Day 10: Search for Meaning

Sometimes it can feel like you are just going through the motions; doing what’s necessary for the day-to-day and not truly savoring your life. Realizing what provides meaning to you personally is a necessary component of feeding your happiness. “Meaning and purpose are critical to happiness, and what gives a person meaning is going to differ by the individual,” Lyubomirsky explains. Finding the most authentic version of yourself who learns, grows, and reaches for joy will ultimately provide a life that feels worth living.

So how can you find this sense of meaning or purpose? Dr. Bristow recommends reflecting on times in your life that were especially happy and considering the things that contributed to that sense of happiness. Think: “What was I doing, who was I around, what was I thinking, what might have changed and led me to a sort of stalemate?” Trying out new hobbies can be useful in finding meaning and happiness, too. The possibilities are endless and entirely up to you, but these ideas can help get you started:

✔️ Get crafty: Calming activities like knitting, sewing, and painting can be especially soothing for the mind. Creating something with your hands also lends a sense of motivation and pride.

✔️ Find your inner chef: Cooking can be a fun and useful hobby. As you learn your way around the kitchen you’ll discover the power to try new flavors and techniques, and enjoy the fruits of your labor, too. Look toward healthy cookbooks for inspiration or try some of our favorite nutritious dinner recipes.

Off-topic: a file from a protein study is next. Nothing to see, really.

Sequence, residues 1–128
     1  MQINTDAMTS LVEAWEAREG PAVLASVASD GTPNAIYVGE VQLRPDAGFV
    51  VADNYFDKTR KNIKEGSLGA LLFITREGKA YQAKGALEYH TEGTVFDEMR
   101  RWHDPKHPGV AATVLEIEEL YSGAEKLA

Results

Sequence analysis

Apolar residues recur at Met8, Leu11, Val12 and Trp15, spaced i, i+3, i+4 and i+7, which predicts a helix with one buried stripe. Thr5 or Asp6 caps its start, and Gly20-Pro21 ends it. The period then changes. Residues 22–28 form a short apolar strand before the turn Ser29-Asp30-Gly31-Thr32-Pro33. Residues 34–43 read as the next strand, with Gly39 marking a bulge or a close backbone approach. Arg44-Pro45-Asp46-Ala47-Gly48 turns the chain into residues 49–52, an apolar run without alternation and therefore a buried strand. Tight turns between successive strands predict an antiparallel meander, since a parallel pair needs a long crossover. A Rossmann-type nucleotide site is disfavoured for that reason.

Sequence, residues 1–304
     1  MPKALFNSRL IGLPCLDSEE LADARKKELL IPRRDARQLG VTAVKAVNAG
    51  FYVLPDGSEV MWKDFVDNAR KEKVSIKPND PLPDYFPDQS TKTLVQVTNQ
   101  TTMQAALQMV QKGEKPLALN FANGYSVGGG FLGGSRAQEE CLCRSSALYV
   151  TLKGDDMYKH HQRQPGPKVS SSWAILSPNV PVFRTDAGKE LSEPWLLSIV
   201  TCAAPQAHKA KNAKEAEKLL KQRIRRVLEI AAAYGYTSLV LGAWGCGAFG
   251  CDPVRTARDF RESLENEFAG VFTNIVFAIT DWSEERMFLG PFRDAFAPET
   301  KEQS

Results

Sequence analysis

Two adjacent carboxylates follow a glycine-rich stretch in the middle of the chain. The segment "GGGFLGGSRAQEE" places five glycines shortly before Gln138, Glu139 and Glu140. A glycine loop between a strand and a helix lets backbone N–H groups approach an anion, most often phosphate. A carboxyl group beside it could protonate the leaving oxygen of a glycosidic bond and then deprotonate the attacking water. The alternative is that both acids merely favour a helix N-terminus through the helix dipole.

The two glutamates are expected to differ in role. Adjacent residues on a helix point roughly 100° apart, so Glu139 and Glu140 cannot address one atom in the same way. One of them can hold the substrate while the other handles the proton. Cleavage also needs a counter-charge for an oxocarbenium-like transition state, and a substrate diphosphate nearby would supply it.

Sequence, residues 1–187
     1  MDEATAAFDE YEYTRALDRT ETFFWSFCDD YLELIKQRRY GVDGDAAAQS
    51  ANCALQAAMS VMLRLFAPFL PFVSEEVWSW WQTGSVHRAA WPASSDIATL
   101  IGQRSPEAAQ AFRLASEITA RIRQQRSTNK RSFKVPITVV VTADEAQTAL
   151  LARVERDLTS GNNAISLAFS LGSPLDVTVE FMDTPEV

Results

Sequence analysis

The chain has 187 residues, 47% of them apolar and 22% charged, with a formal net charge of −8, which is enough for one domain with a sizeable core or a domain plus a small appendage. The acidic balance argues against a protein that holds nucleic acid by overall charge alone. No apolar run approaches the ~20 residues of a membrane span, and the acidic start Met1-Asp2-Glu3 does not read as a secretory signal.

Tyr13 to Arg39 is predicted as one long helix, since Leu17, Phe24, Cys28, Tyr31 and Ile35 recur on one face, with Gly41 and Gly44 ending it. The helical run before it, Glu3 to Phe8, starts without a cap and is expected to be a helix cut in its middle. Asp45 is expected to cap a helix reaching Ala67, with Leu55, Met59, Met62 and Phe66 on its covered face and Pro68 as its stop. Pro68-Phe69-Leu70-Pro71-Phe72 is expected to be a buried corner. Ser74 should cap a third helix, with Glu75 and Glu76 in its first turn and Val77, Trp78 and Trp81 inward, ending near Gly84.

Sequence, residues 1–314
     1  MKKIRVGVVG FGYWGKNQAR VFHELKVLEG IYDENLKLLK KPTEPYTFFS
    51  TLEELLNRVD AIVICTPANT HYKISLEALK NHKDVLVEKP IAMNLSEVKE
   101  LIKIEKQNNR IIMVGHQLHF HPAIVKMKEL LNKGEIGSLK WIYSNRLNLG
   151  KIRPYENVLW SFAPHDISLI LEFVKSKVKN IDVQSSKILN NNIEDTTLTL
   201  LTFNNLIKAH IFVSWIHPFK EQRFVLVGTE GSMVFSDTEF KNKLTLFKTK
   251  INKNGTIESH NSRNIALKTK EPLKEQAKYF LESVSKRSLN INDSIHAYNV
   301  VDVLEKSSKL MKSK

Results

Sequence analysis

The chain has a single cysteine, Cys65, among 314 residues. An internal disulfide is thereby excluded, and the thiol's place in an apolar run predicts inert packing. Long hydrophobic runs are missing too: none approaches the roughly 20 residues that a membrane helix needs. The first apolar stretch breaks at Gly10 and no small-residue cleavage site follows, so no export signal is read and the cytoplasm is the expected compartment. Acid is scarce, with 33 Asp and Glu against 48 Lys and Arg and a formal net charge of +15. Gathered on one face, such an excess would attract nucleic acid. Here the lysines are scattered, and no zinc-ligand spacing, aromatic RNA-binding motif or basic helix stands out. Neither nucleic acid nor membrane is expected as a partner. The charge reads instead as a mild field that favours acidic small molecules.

✔️ Start snapping: Photography is often thought of as a skill for professionals, but thanks to smartphones, most of us have almost constant access to great cameras. Taking photos can expose you to new interests too, like bird-watching, nature walks or working with others.

Day 11: Be One With Nature

Making time for being outdoors can boost your happiness big time, and it’s a really simple strategy to implement every day. “The vast majority of evidence points in one direction: We can be happier, healthier, and smarter if we weave more nature into our lives,” says leading naturalist Richard Louv, the author of The Nature Principle. Many studies support this theory, reporting that when people connect with nature, they tend to have a greater sense of well-being, happiness, and even higher levels of personal growth.

So how can you spend more time outdoors?

  • Take your lunch break outside
  • Walk in the park or find a nearby trail
  • Visit a botanical garden if trails and parks are inaccessible
  • Join a community garden
  • Try walking barefoot to really connect with nature

Day 12: Start a Morning Routine

Waking up in the morning is usually difficult for most people, but waking up on the right side of the bed really is key to having a day full of happiness and positivity. One way to get a leg up on the day, every day, is by starting a morning routine. Whether or not you consider yourself a morning person, crafting a morning routine offers so many benefits for the mood.

“Routines, in general, are very calming for the brain as our brains thrive on patterns,” says Judy Ho, Ph.D., a clinical neuropsychologist in Manhattan Beach, CA. Creating a morning routine helps create a sense of stability, calmness, clarity, and confidence which sets a positive tone for the rest of the day. Some great tips for your morning routine could include: waking up earlier, indulging in a skincare routine, setting intentions, meditation, spending time outdoors, and more. Simply being mindful and present in your usual activities can help you feel grounded and positive throughout the day.